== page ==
How Ireland remembers, or refuses to remember, WWI

How Ireland remembers, or refuses to remember, WWI

WHEN you study Ireland you rapidly realise how difficult it is to think of the past as the past.

It is constantly reproduced in highly politicised ways and the history of World War One is no different.

In 1914, Ireland was on the brink of civil war, as militant Unionists, who had armed themselves and formed the Ulster Volunteer Force (UVF), vowed to oppose Home Rule. But on the outbreak of war in Europe, members of the UVF formed the 36th Ulster Division and went overseas.

At the same time, Catholics and nationalists joined two divisions in the South, fighting for Britain in the expectation that Home Rule would be their reward. They were to be the first ashore at Gallipoli, suffering horrendous casualties, while the Ulster Division went into action at the Somme, where its ranks were decimated.

During WWI, some 200,000 men from the island of Ireland fought in the British Army. Almost 50,000 lost their lives. But after the war, in 1920, the partition of Ireland — the division of the island into two distinct territories; Northern Ireland as a part of the United Kingdom and Southern Ireland, now the Republic of Ireland, an independent state — meant that the conflict was remembered — or forgotten — in contrasting ways.

In the South, after Partition there is what is generally referred to as the Great Collective Amnesia. Military service for Britain is completely written out of the history of the nation both at the official level and at the populist, localised level — there are lots of tales of poppy sellers being attacked on the streets.

It was only when the Queen visited the Irish Republic in May 2011 that attitudes began to change and Ireland’s part in World War One is now openly acknowledged in the South. In the Protestant North, the deeds of the 36th Ulster Division were always commemorated and the fact that July 1, the opening of the Battle of the Somme in 1916, was also the date of the Battle of the Boyne in 1690, according to the “old style” calendar, added a potent layer of mythology.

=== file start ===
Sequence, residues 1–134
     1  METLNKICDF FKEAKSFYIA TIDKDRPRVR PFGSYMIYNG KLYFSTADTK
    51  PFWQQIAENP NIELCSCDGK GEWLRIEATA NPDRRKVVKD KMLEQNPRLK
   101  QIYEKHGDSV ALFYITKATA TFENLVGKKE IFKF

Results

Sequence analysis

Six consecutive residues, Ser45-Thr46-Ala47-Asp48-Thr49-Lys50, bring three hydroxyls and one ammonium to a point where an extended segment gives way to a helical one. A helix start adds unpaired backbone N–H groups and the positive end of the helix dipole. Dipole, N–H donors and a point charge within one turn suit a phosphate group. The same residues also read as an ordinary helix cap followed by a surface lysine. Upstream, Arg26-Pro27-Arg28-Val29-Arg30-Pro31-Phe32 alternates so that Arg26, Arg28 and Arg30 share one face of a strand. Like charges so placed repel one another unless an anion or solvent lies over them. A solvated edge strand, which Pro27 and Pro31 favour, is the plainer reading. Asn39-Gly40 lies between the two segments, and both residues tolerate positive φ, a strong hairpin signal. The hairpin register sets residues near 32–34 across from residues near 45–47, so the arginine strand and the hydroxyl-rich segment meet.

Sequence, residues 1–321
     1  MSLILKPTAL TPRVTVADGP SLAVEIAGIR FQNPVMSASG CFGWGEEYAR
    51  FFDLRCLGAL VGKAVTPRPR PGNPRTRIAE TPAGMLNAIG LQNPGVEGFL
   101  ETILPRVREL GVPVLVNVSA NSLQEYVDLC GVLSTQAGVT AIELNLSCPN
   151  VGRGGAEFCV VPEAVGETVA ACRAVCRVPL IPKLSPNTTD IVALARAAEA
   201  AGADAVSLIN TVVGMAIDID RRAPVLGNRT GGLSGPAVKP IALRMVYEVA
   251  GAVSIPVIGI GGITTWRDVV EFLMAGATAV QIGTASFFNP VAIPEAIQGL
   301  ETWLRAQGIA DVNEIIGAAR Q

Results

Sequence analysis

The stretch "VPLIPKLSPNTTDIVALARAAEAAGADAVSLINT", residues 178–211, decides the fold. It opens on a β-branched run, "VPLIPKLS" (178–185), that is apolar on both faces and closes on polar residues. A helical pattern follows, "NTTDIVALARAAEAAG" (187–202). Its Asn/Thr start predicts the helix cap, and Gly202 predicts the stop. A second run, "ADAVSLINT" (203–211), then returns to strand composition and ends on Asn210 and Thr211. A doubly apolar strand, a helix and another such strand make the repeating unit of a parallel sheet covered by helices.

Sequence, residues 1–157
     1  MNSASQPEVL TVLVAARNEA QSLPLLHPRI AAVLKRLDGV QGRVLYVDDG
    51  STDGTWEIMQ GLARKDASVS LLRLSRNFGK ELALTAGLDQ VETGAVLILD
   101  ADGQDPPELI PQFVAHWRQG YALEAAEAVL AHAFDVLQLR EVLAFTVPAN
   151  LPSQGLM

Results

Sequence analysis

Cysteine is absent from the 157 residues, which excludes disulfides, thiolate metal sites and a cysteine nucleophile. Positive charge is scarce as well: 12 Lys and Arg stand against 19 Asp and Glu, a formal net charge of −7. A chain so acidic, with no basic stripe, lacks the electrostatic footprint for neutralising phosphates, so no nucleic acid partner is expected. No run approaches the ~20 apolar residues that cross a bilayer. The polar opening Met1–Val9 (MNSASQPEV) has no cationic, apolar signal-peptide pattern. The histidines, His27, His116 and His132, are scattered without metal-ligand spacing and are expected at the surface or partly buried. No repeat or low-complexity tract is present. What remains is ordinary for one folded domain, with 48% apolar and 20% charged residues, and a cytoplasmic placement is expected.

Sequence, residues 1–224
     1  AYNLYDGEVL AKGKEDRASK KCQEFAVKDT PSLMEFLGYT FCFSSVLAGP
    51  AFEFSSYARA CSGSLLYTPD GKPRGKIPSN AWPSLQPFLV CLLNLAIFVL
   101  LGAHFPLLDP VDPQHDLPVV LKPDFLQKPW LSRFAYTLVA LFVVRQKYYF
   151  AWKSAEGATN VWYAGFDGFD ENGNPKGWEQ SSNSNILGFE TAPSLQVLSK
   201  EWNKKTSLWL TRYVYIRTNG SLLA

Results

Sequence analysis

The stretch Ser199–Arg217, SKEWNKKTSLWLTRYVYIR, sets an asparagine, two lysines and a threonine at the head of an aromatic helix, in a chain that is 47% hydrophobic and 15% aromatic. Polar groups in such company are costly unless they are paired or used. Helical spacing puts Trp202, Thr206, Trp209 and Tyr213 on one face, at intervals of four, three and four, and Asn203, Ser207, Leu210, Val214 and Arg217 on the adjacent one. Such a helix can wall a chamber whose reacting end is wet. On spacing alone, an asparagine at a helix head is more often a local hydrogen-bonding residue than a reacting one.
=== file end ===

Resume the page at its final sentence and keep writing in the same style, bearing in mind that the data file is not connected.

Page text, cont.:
For many within Protestant Unionism it was already an important day and then the Somme was laid on top of that. There were stories and songs about people from the 36th Division going over the top wearing Orange regalia. Whether that is true or not, it is an important part of the myth.”

In 1966 — on the verge of the Troubles in the Province and on the 50th anniversary of both the Somme and the Easter Rising in Dublin — Protestants in the North reformed the Ulster Volunteer Force, adopting the symbolism of the original regiment.

I am not that interested in history in the same way that historians are. What people believe happened in the past is just as important or even more important to me as what actually happened.

The issue is how you begin to reconcile those memories so that you can arrive at a form of commemoration or memorialisation that doesn’t continue to be divisive.

About the author
Professor Jim McAuley is Director of Research at the University of Huddersfield's School of Human and Health Sciences.
He is also Director of the Institute for Research in Citizenship, the Academy for British and Irish Studies and the Centre for Research in the Social Sciences.
The Belfast-born sociologist and author is currently exploring Ireland's collective memory of the 1914-1918 conflict, investigating the contrasting ways in which the war is commemorated and memorialised.
His book Very British Rebels, which deals with the relationship between Loyalism and The Great War, is due to be published next year.